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DANCE REVIEW

Moments of beauty, minus daring

Parijat Desai and troupe execute the dances well, but they don't advance the choreographer's groundbreaking style.

March 26, 2007|Victoria Looseleaf | Special to The Times

Possessed of beguiling eyes, pliant feet and willowy arms, choreographer and performer Parijat Desai has proved adept at fusing the classical South Indian idiom bharata natyam with modern dance, yoga and martial arts. Her talents were again on display Friday at the Skirball Cultural Center, this time with her New York-based, five-member Parijat Desai Dance Company.

The envelope that Desai pushed while an L.A. resident, however, is in need of more Western edge. In the reworked "Quiet/Fire," which premiered at California Plaza in 2001, the thrill of live taiko drumming was replaced with a new score -- on tape -- that did little to enhance a half-hour suite built on the notion of quelling violence through empathy.

Still, the dancers-cum-warriors clad in ankle bells offered moments of sublime beauty, whether striking one-legged poses (Riyo Mito), furiously spinning (Mohan Kulasingam) or assuming tai-chi-like stances (Cindy Chung). Desai also displayed clean rhythmic attacks, her slapping feet creating a percussive symphony, her arms thrown open in joy. The unison stomping was particularly effective, while yin-yang, push-pull components were woven throughout a piece that could nevertheless benefit from judicious editing.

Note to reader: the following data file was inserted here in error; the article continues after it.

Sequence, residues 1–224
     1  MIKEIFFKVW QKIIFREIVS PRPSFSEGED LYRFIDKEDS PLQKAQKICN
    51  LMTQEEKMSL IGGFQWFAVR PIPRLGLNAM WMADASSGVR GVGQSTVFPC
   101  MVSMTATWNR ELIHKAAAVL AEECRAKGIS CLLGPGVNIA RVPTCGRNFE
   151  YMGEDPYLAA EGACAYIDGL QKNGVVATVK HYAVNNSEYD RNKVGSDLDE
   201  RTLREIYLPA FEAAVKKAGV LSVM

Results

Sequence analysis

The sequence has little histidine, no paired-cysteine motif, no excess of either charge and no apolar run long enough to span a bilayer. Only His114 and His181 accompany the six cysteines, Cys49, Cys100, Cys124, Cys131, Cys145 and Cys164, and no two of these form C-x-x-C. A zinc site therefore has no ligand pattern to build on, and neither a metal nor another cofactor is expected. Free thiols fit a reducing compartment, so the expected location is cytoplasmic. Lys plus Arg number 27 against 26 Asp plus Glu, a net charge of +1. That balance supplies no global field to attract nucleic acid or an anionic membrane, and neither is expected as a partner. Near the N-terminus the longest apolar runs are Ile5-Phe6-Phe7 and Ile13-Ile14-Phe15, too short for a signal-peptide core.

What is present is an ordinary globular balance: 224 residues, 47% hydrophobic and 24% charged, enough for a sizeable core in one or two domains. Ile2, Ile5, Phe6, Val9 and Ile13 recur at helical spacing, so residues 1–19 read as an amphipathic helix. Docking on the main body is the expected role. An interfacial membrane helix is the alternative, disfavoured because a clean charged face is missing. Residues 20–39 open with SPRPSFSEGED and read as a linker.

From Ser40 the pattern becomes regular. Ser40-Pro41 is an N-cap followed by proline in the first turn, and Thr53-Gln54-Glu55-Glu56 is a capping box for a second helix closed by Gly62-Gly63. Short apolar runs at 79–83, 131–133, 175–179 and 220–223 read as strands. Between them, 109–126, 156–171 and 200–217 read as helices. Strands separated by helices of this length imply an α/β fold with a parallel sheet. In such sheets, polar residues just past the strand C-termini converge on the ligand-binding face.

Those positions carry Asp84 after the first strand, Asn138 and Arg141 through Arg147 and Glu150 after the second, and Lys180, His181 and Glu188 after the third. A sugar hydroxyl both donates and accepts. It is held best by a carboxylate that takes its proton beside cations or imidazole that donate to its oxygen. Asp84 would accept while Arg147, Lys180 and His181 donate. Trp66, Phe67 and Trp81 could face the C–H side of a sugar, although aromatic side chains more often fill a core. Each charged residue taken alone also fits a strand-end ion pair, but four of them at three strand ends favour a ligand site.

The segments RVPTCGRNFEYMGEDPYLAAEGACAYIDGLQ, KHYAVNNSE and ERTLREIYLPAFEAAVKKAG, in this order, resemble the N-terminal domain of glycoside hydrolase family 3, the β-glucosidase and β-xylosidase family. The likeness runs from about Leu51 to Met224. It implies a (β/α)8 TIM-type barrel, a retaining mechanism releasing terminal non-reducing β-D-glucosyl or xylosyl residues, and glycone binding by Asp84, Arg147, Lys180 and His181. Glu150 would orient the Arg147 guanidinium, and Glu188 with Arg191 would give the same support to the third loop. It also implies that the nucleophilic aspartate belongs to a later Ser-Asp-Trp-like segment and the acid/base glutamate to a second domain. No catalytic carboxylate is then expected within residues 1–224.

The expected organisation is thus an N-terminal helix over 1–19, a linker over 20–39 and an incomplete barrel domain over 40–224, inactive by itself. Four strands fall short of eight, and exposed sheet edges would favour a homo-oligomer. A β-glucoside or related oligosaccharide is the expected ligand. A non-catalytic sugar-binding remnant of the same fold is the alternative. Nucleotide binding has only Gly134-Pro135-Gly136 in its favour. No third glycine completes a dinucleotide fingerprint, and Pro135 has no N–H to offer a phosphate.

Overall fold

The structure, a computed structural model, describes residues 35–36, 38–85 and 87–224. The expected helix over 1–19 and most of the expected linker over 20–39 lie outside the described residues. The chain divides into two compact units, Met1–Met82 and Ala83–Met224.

In "Still Rewiring," a 15-minute work in progress recalling "Rewired" from 2000, Desai continued mining matters of identity and multiculturalism. Here the dancers also spoke -- generally an iffy practice -- occasionally with levity. Rounded out by Emi Komatsuzaki, the quintet, barefoot but sans ankle bells, moved to a taped track that included electronica and ragas.

Mixing elements of Broadway hip-swaggering with balletic pirouettes, leaps and splayed-finger plies, Desai's choreography brought the realities of adapting to a complex world deep into the movement, though more partnering and less talk might enliven the number.

Completing the program was Desai's 1998 "The Wall." Set to music from the state of Gujarat, the choreographer's fascinating evocation of a tradition-bound woman who lost her husband, ergo her identity, featured Desai manipulating a stretchy length of fabric. But the metaphoric sense of confinement faded when the other four dancers took to the floor.

In the past, Desai broke exhilarating new ground. One hopes she can now move forward instead of serving up well-executed retreads.

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